Trying again

As I said last time, I want to talk about some thoughts that came from the most recent #pregnancychat hosted on Twitter by March of Dimes on the topic of pregnancy loss. I find I’m squeezing multiple topics into single posts, so it looks like I’ll get through these ideas more quickly than I had anticipated. Anyway…

During the chat, @sstaylor posted “How many of you are TTC again? It is so emotional.” It took me a minute to figure out that “TTC” meant “Trying To Conceive.” Yes, trying to conceive again is indeed very emotional.

It was very difficult for us to get to the point where we were ready to try again. As I’ve said earlier, my wife more or less checked out of life for a couple of years. She really couldn’t face much, and adopted an outlook of “if at first you fail, never try again.”

On the other hand, I was doggedly carrying on as if there were no emotional reverberations going through my soul, which I discussed last week. This process was not helped along by the fact that we were getting all sorts of solicitations from diaper services, baby portrait places and other newborn-based remoras. I developed a perverse sense of satisfaction in snapping “he died” at the callers as a way to make them Shut. Up. Already.

Meanwhile, we frequently discussed that this huge crater in our lives had tremendous power, and that it would either shatter us apart or bring us closer together. We made a conscious decision that whatever happened, we would make sure that it brought us closer together. We put a lot of effort into it, and at times it was that commitment – and that commitment alone – that kept us moving forward.

I tried to convince my wife that we should try again quickly. My brain told me that trying again and succeeding would wipe the memory of failure from my brain. And, of course, I was feeling like the failure was on my part and I would never make the mistake of trusting the doctors unquestioningly the next time. That I would make sure that we had a doctor that would be prepared for any eventuality and not have a laissez-faire attitude about any potential issues that cropped up.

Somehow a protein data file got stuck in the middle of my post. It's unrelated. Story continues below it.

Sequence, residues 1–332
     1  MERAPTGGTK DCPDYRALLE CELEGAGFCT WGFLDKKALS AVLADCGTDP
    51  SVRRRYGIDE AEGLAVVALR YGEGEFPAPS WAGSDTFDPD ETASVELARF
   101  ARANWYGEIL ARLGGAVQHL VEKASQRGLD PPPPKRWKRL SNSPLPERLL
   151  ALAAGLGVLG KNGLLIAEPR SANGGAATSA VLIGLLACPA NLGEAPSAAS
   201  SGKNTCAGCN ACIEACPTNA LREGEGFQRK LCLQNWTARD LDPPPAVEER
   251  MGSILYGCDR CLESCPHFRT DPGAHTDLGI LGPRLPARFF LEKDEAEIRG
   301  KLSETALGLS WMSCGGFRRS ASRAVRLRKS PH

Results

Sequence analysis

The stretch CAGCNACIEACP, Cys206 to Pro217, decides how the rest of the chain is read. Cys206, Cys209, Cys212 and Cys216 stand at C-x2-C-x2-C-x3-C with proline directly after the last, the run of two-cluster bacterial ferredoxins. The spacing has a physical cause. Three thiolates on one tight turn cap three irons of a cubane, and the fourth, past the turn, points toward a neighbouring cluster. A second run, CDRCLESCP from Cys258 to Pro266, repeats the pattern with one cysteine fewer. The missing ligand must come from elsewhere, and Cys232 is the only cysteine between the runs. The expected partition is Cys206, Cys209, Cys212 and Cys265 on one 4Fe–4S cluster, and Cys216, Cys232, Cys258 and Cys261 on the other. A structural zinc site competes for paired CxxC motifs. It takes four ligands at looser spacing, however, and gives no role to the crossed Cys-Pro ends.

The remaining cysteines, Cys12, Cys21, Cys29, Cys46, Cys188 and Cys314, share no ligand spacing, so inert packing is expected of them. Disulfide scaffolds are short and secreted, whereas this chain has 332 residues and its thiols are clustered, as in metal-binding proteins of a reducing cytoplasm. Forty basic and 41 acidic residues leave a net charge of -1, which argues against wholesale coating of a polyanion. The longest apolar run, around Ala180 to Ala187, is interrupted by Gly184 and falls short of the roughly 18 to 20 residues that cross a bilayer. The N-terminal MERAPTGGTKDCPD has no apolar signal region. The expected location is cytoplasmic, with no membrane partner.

By this time, I had long abandoned any faith in religion and lapsed back into agnosticism, feeling that any belief in a higher power was just misguided hope. I’m still largely agnostic, though I do continue to follow many of the traditions of Judaism. I’m not sure whether I can ever go back to believing again.

Of course, my wife was dealing with this differently, and needed to get through her grief before she could even function normally, let alone try to conceive again. We had some very tense days where our competing world views came into intense conflict. I said some things that were terribly unfair given her mental state that I now wish that I could take back, but they were the only things that I could get out back then, the only things that my brain would think.

A couple of years or so later, once she had dealt with her grief and come to a place where she was willing to try again (she admits that this was due to my coaxing, as she would have given up after our loss on the first try if it were not for my persistence), we visited a high-risk specialist to make sure that we knew all of the risks going into the process again. This doctor had obtained some measure of local renown after having successfully supervised the delivery of a healthy set of sextuplets, and everyone said that she was “the” high-risk specialist in the area.

My wife doesn’t want her medical details splashed over the Internet, so let’s just say that we had several challenges that we would have to deal with, and if we did succeed at getting pregnant again that there was a high likelihood that we would be delivering early again. Oh, and there was the little matter of the fact that we would be putting my wife’s life on the line if we were to get pregnant again. After some discussion and determination that we really wouldn’t be able to live with ourselves if we didn’t give it one more try, we decided to press on.

The next couple of years consisted of us enjoying the process of trying to make a baby. Unfortunately, as time went on and we failed to conceive, the attempts became a bit more desperation-tinged. Tests were done, more tests were pending.

My wife then had an epiphany. She found some measure of inner peace, her outlook changed, and soon afterward – magically – we were pregnant. We were overjoyed. But we now had to try to stay pregnant long enough to deliver a baby that could survive. And we had to keep my wife from dying in the process.

What emotions did you go through when deciding to try again after a loss? Or while trying again after a loss? Or continued trying in the wake of not even having partial success? How did you deal with it? Please share so that others may benefit. Anonymous contributions are welcome.

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